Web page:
Wordplay as dissent in Layli Long Soldier's Whereas
Over the course of twenty poems, Layli Long Soldier's Whereas (Graywolf Press, March 2017) provokes discomfort—that woozy, nauseous feeling that comes from confronting one's naiveté for the first time. "Now / make room in your mouth / for grassesgrassesgrasses," the book begins, and the earth seems to shudder.
Long Soldier, who is Oglala Lakota, writes poems that respond to political events, from protests at Standing Rock to the 2009 Congressional Resolution of the Native Americans. Formally, the poems are eclectic: some are straightforward prose poems; others invoke unexpected typefaces, margins, footnotes, and borderlines. They testify that the ground we stand is still disputed and English is a weaponized language.
The first poem in Whereas calls out the injustice of re-naming. A mineral-rich mountain range in South Dakota is known, in English, as the Black Hills. The Lakota, who lived there until the 1870's, call this land by another name: "Ȟe Sápa is not a black hill, not Pahá Sápa, by any name you call it," Long Soldier writes. "Its rank is mountain and must live as a mountain." These lines come to us in the present tense because efforts to reclaim stolen lands are still alive and well: In 1980, the U.S. Supreme Court awarded the Lakota what is now $1.3 billion as compensation, but, to this day, the tribe refuses to settle.
Long Soldier refuses to partake in the delusion that the past is over and America is forgiven. In "Waȟpániča," the speaker wonders what it means to depend on the language of her oppressor:
I dig through my pockets dresser drawers bookshelves comma meticulous picking comma because I must write it to see it comma how I beg from a dictionary to learn our word for poor comma in a language I dare to call my language comma who I am. A sweeping chill my stained mouth just oil at the surface comma because I feel waȟpániča I feel alone. But this is a spill-over translation for how I cannot speak my mind comma the meta-phrasal ache of being language poor.
Poverty here is less "about money," as Long Soldier writes, and more about the currency we use to express ourselves. Is writing in English an act of betrayal? How can native poetry be subversive, if it's written in the colonizer's tongue?
Stranded between two languages, Long Soldier invents her own. She revolutionizes English from the inside, making it more inclusive and, therefore, more American. To this end, many of her poems resemble dictionary entries. "Tókȟaȟ'an" opens with what seems a clear-cut translation of its title: "To lose, to suffer loss, to be gone, lost." Here, as always, the translation is imperfect—something is always "tókȟaȟ'an," always lost. So the speaker waives objectivity: "It is the talk we engage the unnoticed way this shadow rears back, with black arms and twig teeth it engulfs me, your love, whole." Using metaphor, Long Soldier closes the gaps between two languages. She cannot speak for all Lakotas, but she does speak for herself.
Throughout the collection, Long Soldier draws a parallel between the laws that govern how we live and how we write. She opens "38," a poem about the killing of the Dakota 38, by punning on the word "sentence." "Here, the sentence will be respected." she writes, riffing on the term's linguistic and political meanings. The rest of the poem challenges the terms of a capital "sentence" by resurrecting, momentarily, the lives of 38 Dakota warriors, who were hanged for their role in the Sioux Uprising of 1862:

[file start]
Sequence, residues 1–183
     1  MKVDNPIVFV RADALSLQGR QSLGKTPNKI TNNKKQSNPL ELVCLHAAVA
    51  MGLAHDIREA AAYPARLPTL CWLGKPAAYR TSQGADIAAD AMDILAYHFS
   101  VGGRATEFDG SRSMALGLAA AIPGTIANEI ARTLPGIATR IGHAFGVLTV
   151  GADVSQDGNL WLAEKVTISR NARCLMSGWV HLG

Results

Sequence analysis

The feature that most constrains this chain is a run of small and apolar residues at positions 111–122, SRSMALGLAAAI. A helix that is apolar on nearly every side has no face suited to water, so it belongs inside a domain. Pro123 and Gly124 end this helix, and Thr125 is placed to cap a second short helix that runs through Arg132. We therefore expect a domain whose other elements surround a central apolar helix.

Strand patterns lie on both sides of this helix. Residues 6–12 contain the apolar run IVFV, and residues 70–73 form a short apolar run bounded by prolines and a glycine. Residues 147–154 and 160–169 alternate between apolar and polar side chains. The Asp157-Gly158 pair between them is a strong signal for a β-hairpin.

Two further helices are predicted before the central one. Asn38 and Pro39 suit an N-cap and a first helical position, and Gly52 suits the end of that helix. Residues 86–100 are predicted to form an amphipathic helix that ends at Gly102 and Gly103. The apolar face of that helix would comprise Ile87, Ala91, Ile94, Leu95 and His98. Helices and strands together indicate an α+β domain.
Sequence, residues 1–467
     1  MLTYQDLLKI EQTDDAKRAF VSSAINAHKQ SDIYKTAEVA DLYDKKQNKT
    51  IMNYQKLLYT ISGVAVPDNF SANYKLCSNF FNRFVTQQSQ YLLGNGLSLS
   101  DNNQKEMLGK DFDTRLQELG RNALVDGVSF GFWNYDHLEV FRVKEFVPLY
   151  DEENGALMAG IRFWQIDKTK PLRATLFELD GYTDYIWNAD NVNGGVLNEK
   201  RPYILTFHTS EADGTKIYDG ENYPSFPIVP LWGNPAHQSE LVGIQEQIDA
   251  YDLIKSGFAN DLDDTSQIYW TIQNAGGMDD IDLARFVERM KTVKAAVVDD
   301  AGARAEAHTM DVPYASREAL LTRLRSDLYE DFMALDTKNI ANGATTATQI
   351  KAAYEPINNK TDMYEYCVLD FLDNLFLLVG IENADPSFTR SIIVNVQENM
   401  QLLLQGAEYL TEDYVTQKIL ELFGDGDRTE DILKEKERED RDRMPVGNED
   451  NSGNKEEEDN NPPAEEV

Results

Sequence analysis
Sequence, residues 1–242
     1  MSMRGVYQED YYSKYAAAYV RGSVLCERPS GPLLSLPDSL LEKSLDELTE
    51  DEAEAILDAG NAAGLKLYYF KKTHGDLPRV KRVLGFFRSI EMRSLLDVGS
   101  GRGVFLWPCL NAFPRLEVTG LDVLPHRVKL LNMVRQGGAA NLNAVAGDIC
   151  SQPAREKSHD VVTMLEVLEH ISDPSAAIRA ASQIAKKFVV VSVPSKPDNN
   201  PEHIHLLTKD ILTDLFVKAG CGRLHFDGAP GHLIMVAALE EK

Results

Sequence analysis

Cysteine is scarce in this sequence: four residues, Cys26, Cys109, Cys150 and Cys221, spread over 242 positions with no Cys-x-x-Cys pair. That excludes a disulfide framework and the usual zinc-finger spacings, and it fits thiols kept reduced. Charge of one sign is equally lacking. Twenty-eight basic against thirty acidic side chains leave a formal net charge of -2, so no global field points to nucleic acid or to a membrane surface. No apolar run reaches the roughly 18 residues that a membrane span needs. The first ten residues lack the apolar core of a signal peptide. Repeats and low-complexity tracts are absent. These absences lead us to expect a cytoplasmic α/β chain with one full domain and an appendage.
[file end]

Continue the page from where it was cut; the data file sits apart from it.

The Dakota 38 refers to thirty-eight Dakota men who were executed by hanging, under orders from President Abraham Lincoln.
To date, this is the largest "legal" mass execution in US history.
The hanging took place on December 26, 1862—the day after Christmas.
This was the same week that President Lincoln signed the Emancipation Proclamation.
In the preceding sentence, I italicize "same week" for emphasis.
There was a movie titled Lincoln about the presidency of Abraham Lincoln.
The signing of the Emancipation was included in the film Lincoln; the hanging of the Dakota 38 was not.
By playing with the one-to-one correspondence between words and their meanings, Long Soldier draws attention to the gap between narration and lived experience. She destabilizes the popular, soothing version U.S. history, and teaches us what it leaves out.
In the second part of the book, Long Soldier responds to President Obama's 2009 Congressional Resolution of Apology to the Native Americans, which she exposes as just another instance of political cowardice. The structure of this section mimics that of the Apology itself, replete with "Whereas Statements," "Resolutions," and a "Disclaimer." But Long Soldier's interpretations are irreverent; she toys with language that purports to be definitive. In the fourth resolution, the word "apologizes" is redacted from an excerpt of the Resolution. Long Soldier writes:
In many Native languages, there is no word for "apologize" The same goes for "sorry." This doesn't mean that in Native communities where the word "apologize" is not spoken, there aren't definite actions for admitting and amending wrongdoing.
In this view, the best apologies are like actions—they transform.
From start to finish, Whereas is palpably contemporary, a rejoinder to the notion that Native Americans are, somehow, less present than anyone else. Long Soldier's poems take on new forms and subjects at a pace that outstrips summary. Together, they "ink-inject the permanent reminder: I'm here I'm not / numb to a single dot."
Gillie Collins writes about books, movies, and visual art. Her work has appeared in Guernica, The Brooklyn Rail, and The Seventh Row.